Continental Automotive is Europe's second largest and one of the world’s largest tier 1 auto parts suppliers. It announced early in 2013 that automated driving would be at the core of its long-term business strategy. Its goal is to make fully autonomous driving reality by 2025. One of its first projects is connecting cars via wireless networks--a pathway toward better real-time traffic and navigation, more passenger entertainment features, safety-hazard warnings, and eventually driverless cars. The German company has already inked alliances with Cisco, IBM, and others to work on V2X communication systems, which many experts view as key in the development of autonomous vehicles.
This Detroit-based company was conceived early in the new millennium to develop a secure, online auto parts exchange that would make it easier and less costly for carmakers to manage their complex supply chains. Unfortunately, the automakers involved couldn’t agree upon anything and the project was almost scrapped. However, its core technology--helping people and systems to communicate and collaborate securely over the Internet--is very much in demand today as a way for driverless cars to securely communicate with external factors such as traffic lights and emergency vehicles.
Cohda Wireless designs the hardware and software for V2X communications; i.e., systems that will allow cars to form ad hoc mesh networks while on the road. Cars within those networks will not only be able to communicate critical safety information such as their speed and heading and whether they’re braking or accelerating, but they will also be able to link up with roadside sensor nodes and eventually a larger cloud-based intelligence--all of which would gradually take over the act of driving our vehicles. Cohda's chips enhance wireless communications to quality levels beyond commercial off-the-shelf IEEE 802.11p transceivers, allowing cars to more effectively see through obstacles or around corners.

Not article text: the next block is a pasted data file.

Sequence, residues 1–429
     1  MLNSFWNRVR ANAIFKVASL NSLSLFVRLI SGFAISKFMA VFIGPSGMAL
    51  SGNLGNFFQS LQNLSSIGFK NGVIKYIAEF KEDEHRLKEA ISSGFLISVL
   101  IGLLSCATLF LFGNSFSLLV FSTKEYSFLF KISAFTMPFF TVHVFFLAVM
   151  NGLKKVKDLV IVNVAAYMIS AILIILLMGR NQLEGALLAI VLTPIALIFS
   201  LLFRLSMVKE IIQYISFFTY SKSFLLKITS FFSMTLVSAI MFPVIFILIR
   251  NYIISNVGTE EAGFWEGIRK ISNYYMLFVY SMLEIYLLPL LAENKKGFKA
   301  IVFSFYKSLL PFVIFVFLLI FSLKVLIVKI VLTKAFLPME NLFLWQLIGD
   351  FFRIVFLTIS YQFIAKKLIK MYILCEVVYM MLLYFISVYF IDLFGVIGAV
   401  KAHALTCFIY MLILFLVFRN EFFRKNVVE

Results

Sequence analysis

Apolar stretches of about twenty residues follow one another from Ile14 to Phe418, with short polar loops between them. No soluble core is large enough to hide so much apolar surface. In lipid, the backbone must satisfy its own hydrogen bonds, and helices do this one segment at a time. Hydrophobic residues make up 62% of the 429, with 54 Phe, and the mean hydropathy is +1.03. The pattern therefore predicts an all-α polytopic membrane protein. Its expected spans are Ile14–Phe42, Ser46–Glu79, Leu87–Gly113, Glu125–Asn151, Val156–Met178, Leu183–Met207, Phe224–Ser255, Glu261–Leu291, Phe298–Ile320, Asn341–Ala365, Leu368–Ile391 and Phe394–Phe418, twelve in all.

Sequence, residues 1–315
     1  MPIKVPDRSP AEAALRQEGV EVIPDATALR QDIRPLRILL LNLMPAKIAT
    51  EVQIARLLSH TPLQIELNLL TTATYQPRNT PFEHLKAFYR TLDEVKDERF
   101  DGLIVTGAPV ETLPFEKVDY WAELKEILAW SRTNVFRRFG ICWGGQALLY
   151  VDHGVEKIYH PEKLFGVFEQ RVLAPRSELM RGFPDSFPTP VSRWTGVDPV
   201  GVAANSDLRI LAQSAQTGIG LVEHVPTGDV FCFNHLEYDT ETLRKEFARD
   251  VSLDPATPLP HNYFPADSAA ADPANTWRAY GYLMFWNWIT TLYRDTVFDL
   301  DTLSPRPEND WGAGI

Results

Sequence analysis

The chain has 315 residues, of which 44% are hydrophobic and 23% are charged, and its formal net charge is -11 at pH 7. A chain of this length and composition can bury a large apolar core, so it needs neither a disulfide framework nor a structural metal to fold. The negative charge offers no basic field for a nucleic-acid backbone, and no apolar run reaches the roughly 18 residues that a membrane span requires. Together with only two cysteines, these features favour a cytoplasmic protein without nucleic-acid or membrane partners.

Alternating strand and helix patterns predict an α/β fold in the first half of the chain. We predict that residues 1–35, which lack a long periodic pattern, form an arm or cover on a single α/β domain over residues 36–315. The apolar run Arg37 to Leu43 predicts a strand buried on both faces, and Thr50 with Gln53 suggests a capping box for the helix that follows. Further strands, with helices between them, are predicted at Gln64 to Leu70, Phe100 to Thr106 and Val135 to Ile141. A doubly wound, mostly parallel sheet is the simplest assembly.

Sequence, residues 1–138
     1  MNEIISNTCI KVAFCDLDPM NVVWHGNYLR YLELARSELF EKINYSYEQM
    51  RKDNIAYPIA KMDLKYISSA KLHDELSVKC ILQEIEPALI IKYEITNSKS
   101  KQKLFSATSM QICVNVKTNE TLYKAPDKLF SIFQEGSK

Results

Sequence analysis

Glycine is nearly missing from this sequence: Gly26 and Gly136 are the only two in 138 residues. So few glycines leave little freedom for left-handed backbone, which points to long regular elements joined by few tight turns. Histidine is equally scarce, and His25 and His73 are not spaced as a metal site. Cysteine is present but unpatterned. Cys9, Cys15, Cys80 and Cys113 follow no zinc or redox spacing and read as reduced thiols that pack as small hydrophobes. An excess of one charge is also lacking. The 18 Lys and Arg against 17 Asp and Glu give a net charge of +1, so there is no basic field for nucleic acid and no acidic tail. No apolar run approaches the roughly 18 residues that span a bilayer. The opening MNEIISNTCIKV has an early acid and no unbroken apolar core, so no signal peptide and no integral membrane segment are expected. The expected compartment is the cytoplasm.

Headquartered in Israel, AutoTalks has quietly become a world leader in V2X communication technology, just like Codha. Recently, it produced the world’s first automotive-grade chipset ready for series-production. The technology analyzes data transmitted by the on-board processing units of nearby vehicles in order to warn drivers of any imminent danger and communicate with transportation infrastructure. Autotalks claims the chipsets that power its system--a communications processor named Craton and a radio frequency transceiver named Pluton--are secure and hacker-proof. Its built-in security solution authenticates and processes every incoming packet received by a vehicle in less than a millisecond, which you know is life-critical time.
Also based in Israel, Mobileye offers monitoring technology that uses a single camera and a “system-on-chip” to warn cars of imminent dangers (a pedestrian collision, lane departure, or forward collision) as well as headway monitoring, intelligent high-beam lights, traffic-sign recognition, adaptive cruise control, and speed limit indications. The technology is intended to keep drivers and passengers safer and decrease traffic accidents. So what? It is the simplest, most cost-efficient ADAS out there at $tk.
This California-based silicon vendor believes that its years of crunching real-time image and spatial data in PCs and game consoles make its chipsets the ideal candidates to power future driverless car systems. And we think it might be right. Nvidia wants to make a car’s computing components upgradeable. That way you start with top-of-the-line computing components. And via periodic upgrades, you can boost the brainpower of your connected car. Consequently, the tech never becomes obsolete. As it stands now, the lead time on new car designs and manufacturing schedules mean that the technology you’re buying is probably old and nearly obsolete.
[Image: Flickr user Matt Biddulph]